Boca Candidate Forum Features Congressional, State Senate, County Commission and School Board
At a table that spanned the width of the West Boca branch library meeting room, a good mix of candidates showed up to answer questions posed by moderator David DiCrescenzo. The candidates were sent a questionaire in advance of the event, and those and additional questions were posed appropriate to the type of seat sought. (See Candidate’s Position on Issues for the written responsess that were returned).
Congressional candidates participating were David Wagie and Paul Spain who will face each other and Andrea McGee in the August 26 CD22 Republican Primary for the seat currently held by Democrat Lois Frankel. For the county commission we had Democrat Paulette Burdick (who has won her district 2 seat by default but chose to participate for the constituent feedback), and Republican Steven Abrams who will face Democrat Andrew O’Brien in November. School board district 3 incumbent Karen Brill and challengers David Mech and John Hartman filled out the table, and we were joined briefly by Senate 34 incumbent Maria Sachs who in November will face the winner of the Republican primary between Ellyn Bogdanoff and Joseph Bensmihen (neither of who showed up).
Clockwise from top left: Paul Spain, David Wagie, Steven Abrams, Paulette Burdick, Maria Sachs, Karen Brill, John Hartman, David Mech, moderator David DiCrescenzo.
Starting the questions with immigration, both Spain and Wagie gave the expected response for tough enforcement of the border. Senator Sachs on the other hand, who pointed out that we are both a nation of immigrants and a nation of laws, stressed assimilation – that new immigrants should learn the language, learn civics, and forge cultural homogeniety. This was a popular answer for the mostly conservative crowd, and Democrat Sachs may have won some votes with this appearance. Before stepping out to another engagement, she invited all to visit her Boca office. “I am a STATE senator, she said, and when someone calls they get a hearing, regardless of what district they are in or to which party they belong.”
In other areas, the congressional pair had some interesting answers. Paul Spain is in favor of a federal budget freeze, combined with a 10% reduction in federal employees and a 5% pay cut. Favoring the posibility of a flat or fair tax, David Wagie would do away with the IRS, while Paul Spain would only cut it in half.
At the county commission level, Paulette Burdick went against the grain a little, speaking in support of Seven/50 – the sustainable development plan that many in PBCTP have argued against at commission meetings. It is a body of research that is a resource on which to draw – why should we reject available data? Both Burdick and Abrams told of their actions to hold down county spending, with Paulette pointing to her opposition to the out of control Sheriff’s budget and Steven listing the sales tax proposals he has opposed.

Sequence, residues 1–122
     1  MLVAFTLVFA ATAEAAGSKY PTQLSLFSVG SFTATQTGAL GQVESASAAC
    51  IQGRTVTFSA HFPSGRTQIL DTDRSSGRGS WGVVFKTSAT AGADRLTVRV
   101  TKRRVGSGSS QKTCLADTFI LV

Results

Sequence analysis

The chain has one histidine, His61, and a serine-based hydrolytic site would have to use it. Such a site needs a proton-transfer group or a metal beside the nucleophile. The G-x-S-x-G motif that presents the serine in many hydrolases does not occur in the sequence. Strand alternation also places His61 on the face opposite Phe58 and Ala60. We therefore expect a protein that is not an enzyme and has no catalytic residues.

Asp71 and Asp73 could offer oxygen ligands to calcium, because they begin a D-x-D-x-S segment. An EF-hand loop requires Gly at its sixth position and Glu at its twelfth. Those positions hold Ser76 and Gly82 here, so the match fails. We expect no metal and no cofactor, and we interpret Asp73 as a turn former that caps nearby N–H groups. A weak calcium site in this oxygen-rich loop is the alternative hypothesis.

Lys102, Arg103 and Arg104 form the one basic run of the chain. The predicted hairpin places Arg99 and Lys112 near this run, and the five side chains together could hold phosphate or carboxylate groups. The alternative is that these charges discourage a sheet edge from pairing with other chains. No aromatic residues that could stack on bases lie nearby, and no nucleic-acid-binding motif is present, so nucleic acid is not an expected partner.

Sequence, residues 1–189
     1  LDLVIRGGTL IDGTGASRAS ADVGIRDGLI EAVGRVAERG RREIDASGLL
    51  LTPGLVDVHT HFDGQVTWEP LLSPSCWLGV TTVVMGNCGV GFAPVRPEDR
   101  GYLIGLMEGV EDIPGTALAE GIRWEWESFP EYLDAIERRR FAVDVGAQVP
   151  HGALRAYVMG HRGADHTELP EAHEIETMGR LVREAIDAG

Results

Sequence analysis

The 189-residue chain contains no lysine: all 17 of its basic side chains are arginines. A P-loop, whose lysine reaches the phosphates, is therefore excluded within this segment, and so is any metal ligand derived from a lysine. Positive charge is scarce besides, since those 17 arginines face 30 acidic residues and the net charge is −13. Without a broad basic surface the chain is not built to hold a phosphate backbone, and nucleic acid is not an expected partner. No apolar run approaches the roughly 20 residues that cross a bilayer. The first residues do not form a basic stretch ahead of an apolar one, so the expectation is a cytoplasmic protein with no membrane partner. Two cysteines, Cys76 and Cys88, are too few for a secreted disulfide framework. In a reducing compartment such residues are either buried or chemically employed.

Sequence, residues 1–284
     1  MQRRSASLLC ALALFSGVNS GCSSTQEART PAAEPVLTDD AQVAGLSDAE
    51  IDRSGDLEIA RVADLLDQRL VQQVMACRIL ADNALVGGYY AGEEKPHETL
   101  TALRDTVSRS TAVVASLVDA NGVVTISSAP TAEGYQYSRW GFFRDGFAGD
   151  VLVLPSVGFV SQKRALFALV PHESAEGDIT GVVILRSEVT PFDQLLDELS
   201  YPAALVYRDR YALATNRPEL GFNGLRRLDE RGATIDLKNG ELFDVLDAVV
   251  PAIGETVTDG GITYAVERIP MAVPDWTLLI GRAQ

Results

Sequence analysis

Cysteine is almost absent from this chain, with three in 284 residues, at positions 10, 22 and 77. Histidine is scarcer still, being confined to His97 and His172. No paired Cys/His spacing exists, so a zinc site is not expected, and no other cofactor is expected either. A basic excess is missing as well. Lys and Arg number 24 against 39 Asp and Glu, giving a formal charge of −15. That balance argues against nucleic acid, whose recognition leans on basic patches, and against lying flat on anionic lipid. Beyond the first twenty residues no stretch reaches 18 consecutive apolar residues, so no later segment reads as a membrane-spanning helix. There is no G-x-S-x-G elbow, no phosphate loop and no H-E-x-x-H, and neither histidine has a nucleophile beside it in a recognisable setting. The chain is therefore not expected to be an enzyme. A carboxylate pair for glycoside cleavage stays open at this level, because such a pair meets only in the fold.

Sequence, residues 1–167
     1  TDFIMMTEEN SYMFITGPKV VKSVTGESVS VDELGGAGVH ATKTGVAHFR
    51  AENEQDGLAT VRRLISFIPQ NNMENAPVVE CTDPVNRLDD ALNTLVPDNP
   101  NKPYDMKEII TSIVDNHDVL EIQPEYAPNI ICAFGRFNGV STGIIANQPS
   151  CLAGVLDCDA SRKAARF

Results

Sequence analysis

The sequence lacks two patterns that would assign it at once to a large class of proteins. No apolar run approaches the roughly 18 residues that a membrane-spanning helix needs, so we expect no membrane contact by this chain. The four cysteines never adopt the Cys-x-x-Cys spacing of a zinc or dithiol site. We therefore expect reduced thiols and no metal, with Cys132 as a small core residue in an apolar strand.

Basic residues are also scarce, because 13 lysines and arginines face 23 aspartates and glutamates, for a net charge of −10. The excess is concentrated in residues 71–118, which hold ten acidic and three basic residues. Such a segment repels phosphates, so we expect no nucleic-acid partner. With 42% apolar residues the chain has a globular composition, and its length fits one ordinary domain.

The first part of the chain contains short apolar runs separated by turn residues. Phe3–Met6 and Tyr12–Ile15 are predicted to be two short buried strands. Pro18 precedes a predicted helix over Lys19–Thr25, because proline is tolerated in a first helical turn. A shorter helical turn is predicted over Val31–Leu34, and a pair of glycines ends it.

The School board candidates were a study in contrasts. Although these races are non-partisan, Republican Hartman makes no secret of his conservatism, and David Mech trumpets his in-your-face libertarianism. Mech, a small business owner whose background in the adult film industry is an interesting beginning on which to launch a school board bid, begged off on some of the questions, admitting he has not had time to research them. Hartman, whose major policy position is based on opposition to common core, saw many issues as black and white. Brill, with the advantage of 4 years in the job, had an understandably nuanced view. On Common Core, she said “that train has left the station” (referring to the standards themselves) as it has been in the implementation stage for several years. But we now have the ability to influence the assessment and the curriculum, she said, and that should be where the focus is. Hartman wants to roll back the program, as if the school board had that power. Mech said he supports Common Core.
On School choice, Brill supports the “full choice” proposal also supported by district 1 member Mike Murgio, which would let any student in the district choose the school they want to attend (subject to available space). Hartman supports choice outside of the district schools (ie. charters), but would look carefully at them for educational values beyond their business basis. Mech opposes school choice, believing it should be “all or nothing” – if we are going to have public schools, then money should not go to alternatives.
The district 4 candidates (who would represent parts of the south county area) did not participate.